In our previous posts we discussed the major trends that are shaping the future of corporate services and explored some practical immediate actions that corporate services can take.
In this post we dive under the surface and examine how key changes in Data and Analytics – a topic that cuts through several major trends previously discussed – impacts the way corporate services operates.
Big Data has been a commonplace term for the last 10 years, and yet rarely has such an over-hyped term failed to live up expectations. The promise of bigger, better, and broader insights failed to materialise for most organisations (with tech and media companies the notable exception) and most people carried on about their business. Part of the problem was that data resided in on-premise systems, or hard-to-scale data centres, coupled with poor database structures that made “big-data” hard to achieve.
The rise of Cloud (and more importantly people’s acceptance of it) is now starting to transform how we approach data, and with many scalable platforms available on the market, data has never been easier to obtain, categorise and model. We also anticipate a growing trend of the need to incorporate external data sets alongside internal information with the realisation that some insights are driven as much by what is happening in the outside world as what is happening within the organisation.
We still need good data governance, master data management and such to be a key part of any organisation structure, but we are now starting to realise the promise of Big Data and proper BI – empowering corporate services to effectively tackle the challenges they face as decisions can be based on better, more accessible data available at the right time.
A few years ago, people used to refer to a situation called “Spreadsheet Hell” due to organisations drowning in thousands of spreadsheets being emailed around, stored on servers and generally causing a nuisance of themselves. A lot of organisations are now starting to see the equivalent with dashboards, with too many dashboards being published, and an ever-increasingly complex set of self-serve options making it difficult for end users to find the reports they need. The most common root cause is bad design of the dashboards themselves, and bad governance processes around how reports are generated and published.
Well-designed dashboards should enable better decisions across every level of an organisation, incorporating KPI hierarchies, and importantly helping managers and operators to uncover the underlying issues and identify the actions that need to be taken. Now that visualisation tools are becoming almost as ubiquitous as spreadsheets once were, and people get better at designing and building (as well as the tools themselves getting better and better) we will see the rise of fully connected dashboards becoming a core component of any corporate function’s armoury, allowing a seamless journey across linked dashboards, drilldowns and connected data sets.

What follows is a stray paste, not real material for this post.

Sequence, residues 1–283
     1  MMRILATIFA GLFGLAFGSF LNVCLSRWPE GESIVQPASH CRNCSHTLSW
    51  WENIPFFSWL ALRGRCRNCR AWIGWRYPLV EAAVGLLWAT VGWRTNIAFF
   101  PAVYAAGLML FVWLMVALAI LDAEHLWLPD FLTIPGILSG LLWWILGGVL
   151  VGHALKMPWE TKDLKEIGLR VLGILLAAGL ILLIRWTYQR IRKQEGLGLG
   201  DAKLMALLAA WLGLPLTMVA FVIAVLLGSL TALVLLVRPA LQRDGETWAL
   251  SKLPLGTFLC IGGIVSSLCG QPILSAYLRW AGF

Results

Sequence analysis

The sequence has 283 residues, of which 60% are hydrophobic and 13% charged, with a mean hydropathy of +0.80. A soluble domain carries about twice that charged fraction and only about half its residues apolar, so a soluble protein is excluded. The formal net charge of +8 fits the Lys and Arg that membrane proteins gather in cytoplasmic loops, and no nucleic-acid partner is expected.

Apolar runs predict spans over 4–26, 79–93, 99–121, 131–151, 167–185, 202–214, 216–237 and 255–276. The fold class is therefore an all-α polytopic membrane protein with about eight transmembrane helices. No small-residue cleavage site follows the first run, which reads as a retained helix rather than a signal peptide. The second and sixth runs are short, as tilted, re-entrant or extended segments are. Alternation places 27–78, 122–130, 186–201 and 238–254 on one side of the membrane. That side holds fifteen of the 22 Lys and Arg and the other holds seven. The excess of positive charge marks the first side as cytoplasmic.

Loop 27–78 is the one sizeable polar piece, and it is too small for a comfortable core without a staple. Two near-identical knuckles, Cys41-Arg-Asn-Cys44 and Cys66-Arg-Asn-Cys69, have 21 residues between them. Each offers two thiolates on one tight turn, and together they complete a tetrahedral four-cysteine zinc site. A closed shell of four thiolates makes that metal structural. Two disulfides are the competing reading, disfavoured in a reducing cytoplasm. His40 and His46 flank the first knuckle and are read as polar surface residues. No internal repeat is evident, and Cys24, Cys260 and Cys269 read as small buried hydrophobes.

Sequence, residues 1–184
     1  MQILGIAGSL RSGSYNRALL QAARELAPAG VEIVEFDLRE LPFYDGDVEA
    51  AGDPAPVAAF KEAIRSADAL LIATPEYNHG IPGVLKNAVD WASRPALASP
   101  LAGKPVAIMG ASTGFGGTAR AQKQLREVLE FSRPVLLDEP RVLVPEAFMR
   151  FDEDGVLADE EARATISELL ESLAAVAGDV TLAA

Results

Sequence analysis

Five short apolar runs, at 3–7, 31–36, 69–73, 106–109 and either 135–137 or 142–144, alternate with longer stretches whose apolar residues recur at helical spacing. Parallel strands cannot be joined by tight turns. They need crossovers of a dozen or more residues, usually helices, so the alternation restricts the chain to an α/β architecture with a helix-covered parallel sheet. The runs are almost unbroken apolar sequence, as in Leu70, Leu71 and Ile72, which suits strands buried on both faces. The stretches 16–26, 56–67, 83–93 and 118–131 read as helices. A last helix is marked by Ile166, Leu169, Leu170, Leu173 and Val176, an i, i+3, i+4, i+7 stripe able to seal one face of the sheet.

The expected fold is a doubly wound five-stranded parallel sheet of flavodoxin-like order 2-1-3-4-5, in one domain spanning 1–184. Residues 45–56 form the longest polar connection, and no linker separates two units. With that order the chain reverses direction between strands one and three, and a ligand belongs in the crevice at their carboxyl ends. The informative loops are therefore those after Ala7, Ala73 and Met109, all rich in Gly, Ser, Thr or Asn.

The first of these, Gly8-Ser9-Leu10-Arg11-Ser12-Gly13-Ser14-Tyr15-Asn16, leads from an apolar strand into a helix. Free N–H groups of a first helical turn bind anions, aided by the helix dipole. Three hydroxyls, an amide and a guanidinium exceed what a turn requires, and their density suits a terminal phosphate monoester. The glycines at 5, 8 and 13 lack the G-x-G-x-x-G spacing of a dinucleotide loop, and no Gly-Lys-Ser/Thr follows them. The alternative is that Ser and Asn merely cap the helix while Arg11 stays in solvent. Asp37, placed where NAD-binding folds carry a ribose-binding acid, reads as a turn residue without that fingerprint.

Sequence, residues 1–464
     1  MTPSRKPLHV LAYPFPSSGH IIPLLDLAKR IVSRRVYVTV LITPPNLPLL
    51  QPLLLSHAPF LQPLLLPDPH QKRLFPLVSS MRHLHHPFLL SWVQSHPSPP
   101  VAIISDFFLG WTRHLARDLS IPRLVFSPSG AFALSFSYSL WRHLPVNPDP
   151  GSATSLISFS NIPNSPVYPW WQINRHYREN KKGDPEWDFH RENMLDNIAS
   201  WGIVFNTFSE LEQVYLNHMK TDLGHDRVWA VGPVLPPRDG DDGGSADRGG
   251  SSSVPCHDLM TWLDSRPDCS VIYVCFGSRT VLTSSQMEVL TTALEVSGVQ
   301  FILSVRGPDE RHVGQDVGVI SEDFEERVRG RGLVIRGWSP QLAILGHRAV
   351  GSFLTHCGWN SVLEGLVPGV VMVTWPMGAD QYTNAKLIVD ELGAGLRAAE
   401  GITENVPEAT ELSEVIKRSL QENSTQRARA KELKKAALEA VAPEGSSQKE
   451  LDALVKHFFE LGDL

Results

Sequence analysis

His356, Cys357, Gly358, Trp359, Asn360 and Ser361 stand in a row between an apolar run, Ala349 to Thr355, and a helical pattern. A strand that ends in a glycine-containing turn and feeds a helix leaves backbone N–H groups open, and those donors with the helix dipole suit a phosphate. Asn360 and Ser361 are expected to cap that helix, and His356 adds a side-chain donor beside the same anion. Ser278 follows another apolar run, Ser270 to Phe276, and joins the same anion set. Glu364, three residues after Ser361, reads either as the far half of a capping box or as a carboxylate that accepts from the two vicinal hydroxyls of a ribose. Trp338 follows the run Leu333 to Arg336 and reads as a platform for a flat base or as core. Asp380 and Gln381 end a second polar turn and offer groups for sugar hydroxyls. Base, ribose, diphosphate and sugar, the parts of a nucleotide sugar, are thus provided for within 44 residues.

If you find yourself having to read across several dashboards to reach an answer then ask yourself how your current dashboards could be better designed to achieve these connected insights across corporate services, and how your library of dashboards could be simplified to make the right board easy to find in the first place. Decades ago, Excel was ‘just’ a spreadsheet tool used by the majority for the presentation of financial data and simple calculations, and as people became better and designing and building tools within Excel these spreadsheets matured into complex models and decision support tools. We will see the same evolution occurring with dashboards are we once did with spreadsheets.
Many organisations are now investing in Data Science capabilities in the hope that this will help generate even more commercial insight and provide a competitive advantage, almost to the point of wanting to have a team of data scientists even if the business isn’t actually sure what to do with them! These black-box tools are not only difficult to wire up to the data, but difficult to know whether you have the right box in the first place. Whilst the results can be amazing, the process for getting them can prove too much in terms of effort and maintenance for most people.